The hardest prose to write is a short story. I never have trouble filling up my column space; I have trouble trimming it down to my allotted number of words. Getting to the essence of a subject, removing extraneous material and making every word work is the tricky part of writing. The same is true for any medium.
That said, Peggy Loudon's ceramic work is the equivalent of a haiku. It's the simplicity of her work that's striking. She uses muted colors. Her pots, vases and bowls are relatively small, not flashy or extensively decorated. She has shape and proportion nailed. "It's important to me," she told me when I went to visit her studio. She takes the time to experiment with different shapes, pushing each piece to see just how thin she can make the neck of a vase, how tall it should be, how wide she can make the body to create the most sensuous shape. "It's a constant learning experience."
There are no hard and fast rules regarding the perfect shape or the correct proportions, although many have tried to come up with definitions, most notably the Greeks, who agonized over the proportions of the human body. There are theories like the Golden Mean, based on the mathematical Fibonacci Sequence. But really what it comes down to is that you know it when you see it. The shapes of Peggy's vases and bowls are simply gorgeous. They are elegant, sinuous and serene, the result of her 30 some-odd years of throwing clay on a wheel, looking carefully at the results and refining them, and her continuing study of the interactions of shape and color.
Her success is undoubtedly attributable to that hard work and attention to detail. Her work has been shown in a number of prestigious art shows including the Smithsonian Craft Show, the American Craft Show and the Sausalito Art Festival. Her pottery is instantly recognizable as something special, as evidenced by the fact that she was accepted into the Smithsonian show on her first application. In light of that, we are fortunate to have her here, where she has participated in the Humboldt Artisan's Craft Show since its inception over 25 years ago.
The appeal of clay is universal and practically irresistible, especially to kids. I brought my four-year-old along when I went to Peggy's studio, after checking with her. "Sure," she said. Having raised two boys of her own, she's used to having kids around. And while her work is fragile, there are certainly no concerns about tidiness. Clay is on everything. The phone near her wheel is encrusted with it, as is the remote control for her stereo system. We pondered over what she will do when she has to change the batteries to it. Needless to say there was clay all over my son Slate by the time we left. (Happily, I did manage to keep it off of my camera.)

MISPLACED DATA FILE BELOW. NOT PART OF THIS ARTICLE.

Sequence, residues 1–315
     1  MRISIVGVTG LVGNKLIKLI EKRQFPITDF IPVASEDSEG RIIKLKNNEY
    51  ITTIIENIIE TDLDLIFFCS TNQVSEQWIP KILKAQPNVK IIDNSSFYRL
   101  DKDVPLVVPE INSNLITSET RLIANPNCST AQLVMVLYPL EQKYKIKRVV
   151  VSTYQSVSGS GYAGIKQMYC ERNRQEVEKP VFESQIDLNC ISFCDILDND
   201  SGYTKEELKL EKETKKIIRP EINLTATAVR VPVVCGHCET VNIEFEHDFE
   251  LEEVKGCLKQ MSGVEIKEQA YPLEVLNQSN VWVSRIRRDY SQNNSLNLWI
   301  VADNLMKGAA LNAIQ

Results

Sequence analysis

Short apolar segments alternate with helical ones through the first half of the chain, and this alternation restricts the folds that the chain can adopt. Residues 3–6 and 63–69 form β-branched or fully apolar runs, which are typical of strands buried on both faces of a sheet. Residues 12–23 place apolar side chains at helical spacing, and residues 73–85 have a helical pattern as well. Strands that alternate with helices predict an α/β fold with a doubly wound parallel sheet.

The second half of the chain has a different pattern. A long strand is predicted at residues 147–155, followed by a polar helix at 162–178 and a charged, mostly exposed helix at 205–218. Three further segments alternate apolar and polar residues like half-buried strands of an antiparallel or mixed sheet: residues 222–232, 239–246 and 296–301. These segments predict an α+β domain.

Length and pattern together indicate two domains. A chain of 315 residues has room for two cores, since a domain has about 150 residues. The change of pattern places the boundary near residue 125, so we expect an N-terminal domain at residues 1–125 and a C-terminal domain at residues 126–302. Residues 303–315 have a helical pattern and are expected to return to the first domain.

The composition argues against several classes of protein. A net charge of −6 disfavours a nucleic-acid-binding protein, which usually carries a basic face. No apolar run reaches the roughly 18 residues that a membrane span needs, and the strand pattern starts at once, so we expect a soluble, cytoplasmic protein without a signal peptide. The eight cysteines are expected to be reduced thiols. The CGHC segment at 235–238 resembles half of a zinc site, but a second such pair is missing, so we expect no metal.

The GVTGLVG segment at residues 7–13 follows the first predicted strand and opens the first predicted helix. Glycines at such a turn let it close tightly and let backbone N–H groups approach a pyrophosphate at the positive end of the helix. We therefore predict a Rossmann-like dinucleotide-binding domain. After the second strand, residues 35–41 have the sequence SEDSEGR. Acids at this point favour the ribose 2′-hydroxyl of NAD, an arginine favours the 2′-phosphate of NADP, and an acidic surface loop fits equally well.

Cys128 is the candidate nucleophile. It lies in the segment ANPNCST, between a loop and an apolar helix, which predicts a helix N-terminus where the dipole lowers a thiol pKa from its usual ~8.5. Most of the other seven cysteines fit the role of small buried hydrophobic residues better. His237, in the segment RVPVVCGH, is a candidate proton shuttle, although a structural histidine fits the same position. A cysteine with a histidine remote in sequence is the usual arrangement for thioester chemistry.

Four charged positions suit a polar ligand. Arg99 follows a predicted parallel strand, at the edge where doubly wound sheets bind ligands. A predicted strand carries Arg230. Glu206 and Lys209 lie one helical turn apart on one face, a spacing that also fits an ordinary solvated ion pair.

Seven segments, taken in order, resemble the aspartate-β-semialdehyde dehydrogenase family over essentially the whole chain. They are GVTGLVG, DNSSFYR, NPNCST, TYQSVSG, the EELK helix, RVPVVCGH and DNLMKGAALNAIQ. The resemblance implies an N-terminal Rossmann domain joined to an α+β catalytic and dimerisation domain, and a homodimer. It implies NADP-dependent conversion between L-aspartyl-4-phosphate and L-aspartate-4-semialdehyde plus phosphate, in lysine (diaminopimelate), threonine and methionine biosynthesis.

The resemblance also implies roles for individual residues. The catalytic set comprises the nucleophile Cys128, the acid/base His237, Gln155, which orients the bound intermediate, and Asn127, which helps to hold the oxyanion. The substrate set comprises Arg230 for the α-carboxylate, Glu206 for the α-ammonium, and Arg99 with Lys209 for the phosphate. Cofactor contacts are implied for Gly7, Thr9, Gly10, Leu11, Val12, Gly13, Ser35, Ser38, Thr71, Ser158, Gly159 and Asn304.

Slate busied himself making sculptures for Peggy while she and I talked about her career. She said it became serious after a trip to Europe years ago, where she and a friend talked about what they wanted to do when they got home. He wanted to become a writer and she wanted to become a potter. They both succeeded.
It was Jim Crawford at Humboldt State that taught her to look at her work with a critical eye and strive for perfection. The tediousness and inevitable failures have been overwhelmed by the joy she finds in handling clay and coaxing a supple shape out of a lump of it.
Over the years she has consistently attended to her craft. She tries new shapes and new glazes, looks at decorating magazines to see what colors are current. She also talks directly to collectors and gallery owners seeking ideas. She understands and caters to her market, but keeps that in balance with her own ideals.
When I first became aware of her work in the late '90s, she was working with dark glazes, adding subtle touches of metallic gold and silver. I admired her pots then, and have enjoyed watching them evolve. Her work now is typically characterized by a white crackle glaze over translucent porcelain, resulting in vases that glow when a light is shined through them. The shapes also have evolved, incorporating very narrow necks of varying heights.
Peggy's work can be seen at the First Street Gallery during the month of December, where she'll be participating in a group show. You can also find her and her work at the Humboldt Artisan's Craft Fair at Redwood Acres (the first weekend in December, as usual). I personally recommend this and other local holiday fairs — the annual Ink People's Holiday Fair is coming up this weekend at the Adorni Center — for Christmas shopping. With all of the wonderful talent we have around here, there's no reason to send away gifts to out-of-town relatives that are not uniquely Humboldt. And, as Peggy says, "it's important to have handmade things in your home."